First Tour de France mountain finish reveals Alaphilippe's GC weaknesses

Tour de France 2020 107th Edition 4th stage Sisteron Orcieres Merlette 1605 km 01092020 Julian Alaphilippe FRA Deceuninck Quick Step photo POOL Yuzuru SunadaBettiniPhoto2020
Julian Alaphilippe (Deceuninck-QuickStep) in the yellow jersey after stage 2 at the Tour de France (Image credit: Bettini Photo)

Julian Alaphilippe (Deceuninck-QuickStep) kept the leader’s yellow jersey on the first mountain finish of the Tour de France in Orcières-Merlette but his failure to win the surge to the line, and the fact that he missed out on the time bonuses, highlighted that he is not on the same form as 2019 and does not have the strength and determination to fight for the overall victory.

The French cycling fans and the partisan French media would love for it to be otherwise but Alaphilippe seems to know he lacks the dynamite he had in his legs and heart last year. 

“We had the double objective to win the stage and defend the yellow jersey. We kept yellow but didn't win because I was beaten by stronger riders,” he accepted sportingly.

“Obviously I’d love to have been able to win and I tried to do it, but the tempo was very, very high on the final ascent. I was on the limit, so there’s no disappointment.”

Alaphilippe showed a flash of brilliance by attacking and winning stage 2 in Nice but today the overall contenders and especially Primož Roglič (Jumbo-Visma) came out to play, showing the new world order amongst in the peloton.

Roglič was untouchable when he sprinted to the finish line ahead of fellow Slovenian Tadej Pogačar (UAE Team Emirates). Guillaume Martin (Cofidis) and Nairo Quintana (Akea-Samsic) were strong and vigilant enough to finish third and fourth.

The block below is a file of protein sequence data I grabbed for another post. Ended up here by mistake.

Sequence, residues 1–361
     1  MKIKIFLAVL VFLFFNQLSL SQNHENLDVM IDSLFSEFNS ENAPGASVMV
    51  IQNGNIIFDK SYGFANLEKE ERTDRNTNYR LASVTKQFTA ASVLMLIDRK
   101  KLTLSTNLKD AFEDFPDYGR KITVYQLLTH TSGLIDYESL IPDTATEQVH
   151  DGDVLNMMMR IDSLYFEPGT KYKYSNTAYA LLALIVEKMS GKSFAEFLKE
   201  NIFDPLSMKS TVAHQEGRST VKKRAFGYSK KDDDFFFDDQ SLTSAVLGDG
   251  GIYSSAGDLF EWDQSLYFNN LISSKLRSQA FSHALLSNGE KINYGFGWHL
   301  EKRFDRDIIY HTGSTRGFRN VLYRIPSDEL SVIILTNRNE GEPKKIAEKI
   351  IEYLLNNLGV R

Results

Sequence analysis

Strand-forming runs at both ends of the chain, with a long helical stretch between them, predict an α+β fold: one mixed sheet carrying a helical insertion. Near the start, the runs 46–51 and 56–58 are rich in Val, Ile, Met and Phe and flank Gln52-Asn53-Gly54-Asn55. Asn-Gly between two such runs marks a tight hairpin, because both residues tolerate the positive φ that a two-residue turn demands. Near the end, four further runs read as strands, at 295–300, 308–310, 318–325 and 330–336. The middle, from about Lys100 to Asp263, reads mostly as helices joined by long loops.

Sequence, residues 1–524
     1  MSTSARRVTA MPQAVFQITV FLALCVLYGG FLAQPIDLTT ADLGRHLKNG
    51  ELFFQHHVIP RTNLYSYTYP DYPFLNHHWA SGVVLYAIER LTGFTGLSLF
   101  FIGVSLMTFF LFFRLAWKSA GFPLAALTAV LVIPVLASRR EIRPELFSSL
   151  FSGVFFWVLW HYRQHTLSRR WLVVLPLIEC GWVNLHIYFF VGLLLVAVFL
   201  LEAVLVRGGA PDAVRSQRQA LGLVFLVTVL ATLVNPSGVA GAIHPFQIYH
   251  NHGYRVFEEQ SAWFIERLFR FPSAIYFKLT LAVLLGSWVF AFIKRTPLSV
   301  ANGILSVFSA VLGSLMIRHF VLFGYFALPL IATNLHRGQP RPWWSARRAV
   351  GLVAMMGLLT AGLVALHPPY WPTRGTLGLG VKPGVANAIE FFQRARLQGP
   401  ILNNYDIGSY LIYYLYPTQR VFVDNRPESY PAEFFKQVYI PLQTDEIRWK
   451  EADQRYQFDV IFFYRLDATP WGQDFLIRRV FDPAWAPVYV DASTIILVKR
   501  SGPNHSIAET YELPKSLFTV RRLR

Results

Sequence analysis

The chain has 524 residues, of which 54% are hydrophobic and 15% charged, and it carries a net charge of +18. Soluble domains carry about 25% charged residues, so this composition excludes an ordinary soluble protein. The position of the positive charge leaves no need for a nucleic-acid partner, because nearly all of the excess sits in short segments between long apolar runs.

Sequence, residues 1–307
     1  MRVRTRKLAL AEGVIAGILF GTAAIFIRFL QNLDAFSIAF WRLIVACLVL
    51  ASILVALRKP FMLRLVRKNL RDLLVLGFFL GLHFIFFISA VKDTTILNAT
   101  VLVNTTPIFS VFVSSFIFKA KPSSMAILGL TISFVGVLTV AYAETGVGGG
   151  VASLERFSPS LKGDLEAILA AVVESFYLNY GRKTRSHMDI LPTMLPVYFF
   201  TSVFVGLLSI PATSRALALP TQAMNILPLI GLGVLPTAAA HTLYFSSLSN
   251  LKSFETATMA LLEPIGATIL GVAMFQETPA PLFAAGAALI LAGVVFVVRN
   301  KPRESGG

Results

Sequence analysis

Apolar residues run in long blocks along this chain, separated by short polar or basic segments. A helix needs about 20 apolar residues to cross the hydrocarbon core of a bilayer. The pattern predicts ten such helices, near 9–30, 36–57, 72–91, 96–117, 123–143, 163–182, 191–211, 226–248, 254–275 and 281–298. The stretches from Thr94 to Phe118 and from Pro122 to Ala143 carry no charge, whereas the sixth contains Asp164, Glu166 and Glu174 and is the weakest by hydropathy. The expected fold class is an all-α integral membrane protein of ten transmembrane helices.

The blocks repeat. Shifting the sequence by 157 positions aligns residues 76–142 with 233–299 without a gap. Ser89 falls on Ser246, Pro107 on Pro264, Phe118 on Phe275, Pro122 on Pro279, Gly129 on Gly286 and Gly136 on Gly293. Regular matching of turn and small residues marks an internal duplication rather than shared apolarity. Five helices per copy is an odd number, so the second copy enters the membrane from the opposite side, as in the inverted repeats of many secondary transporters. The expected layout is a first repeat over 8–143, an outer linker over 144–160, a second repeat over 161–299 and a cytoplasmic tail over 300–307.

Alaphilippe eased up when he realised he would not win and the lactic acid burnt deep into his legs, which meant he missed out on the four-second time bonus for third place.

He is still in yellow but now Adam Yates (Mitchelton-Scott) remains just four seconds behind and Roglič moved up third at seven seconds. Pogačar’s six-second time bonus lifted him to fourth overall at just 11 seconds.

“As I’ve said, the objective is not to win the Tour de France but to chase stage victories. I’m very proud to be in the yellow jersey but our plan won’t change,” Alaphilippe insisted, aware that the Deceuninck-QuickStep team with him in France cannot support him high into the mountains.

“It was a very hard stage. I’m very proud of my team and I have to thank them, they worked great today and controlled the race until the foot of the final climb. But I don’t want to ruin the team either, we’re not here to control the race for three weeks. We’re just happy to be in yellow again tomorrow,” he said.

Last year, Alaphilippe was in a pressure cooker of expectation. This year he seems to be enjoying and savouring it all so much more. He had not won a race since last year’s Tour de France until Sunday but even that monkey was thrown off his bike in Nice.

“It’s always special to wear yellow but it’s very different to last year. I’m more relaxed compared to last year,” he confirmed.

“I was missing a win but I got one and to take yellow too was great. But as I keep saying, we’re taking things day by day. I’m hugely proud to wear the yellow jersey but it’s not the end of the world if I lose it.”

Some believe Alaphilippe is bluffing but the finish in Orcières-Merlette showed otherwise. Alaphilippe could one day win a Grand Tour, with the support of a strong team and a route that suits him. This year, he has neither and so he and his Deceuninck-QuickStep team are pragmatic and honest.

“Julian still isn’t a Grand Tour rider, he’s never won a Grand Tour,” lead directeur sportif Tom Steels pointed out.

“Julian likes to win races, GC riders don’t do that, they take a completely different approach to racing. His character is to spend energy everyday so it’s not easy to keep him calm.

“I don’t say it's impossible to win a Grand Tour but for sure we won’t ride to win this Tour.”

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Stephen Farrand
Head of News

Stephen is the most experienced member of the Cyclingnews team, having reported on professional cycling since 1994. He has been Head of News at Cyclingnews since 2022, before which he held the position of European editor since 2012 and previously worked for Reuters, Shift Active Media, and CyclingWeekly, among other publications.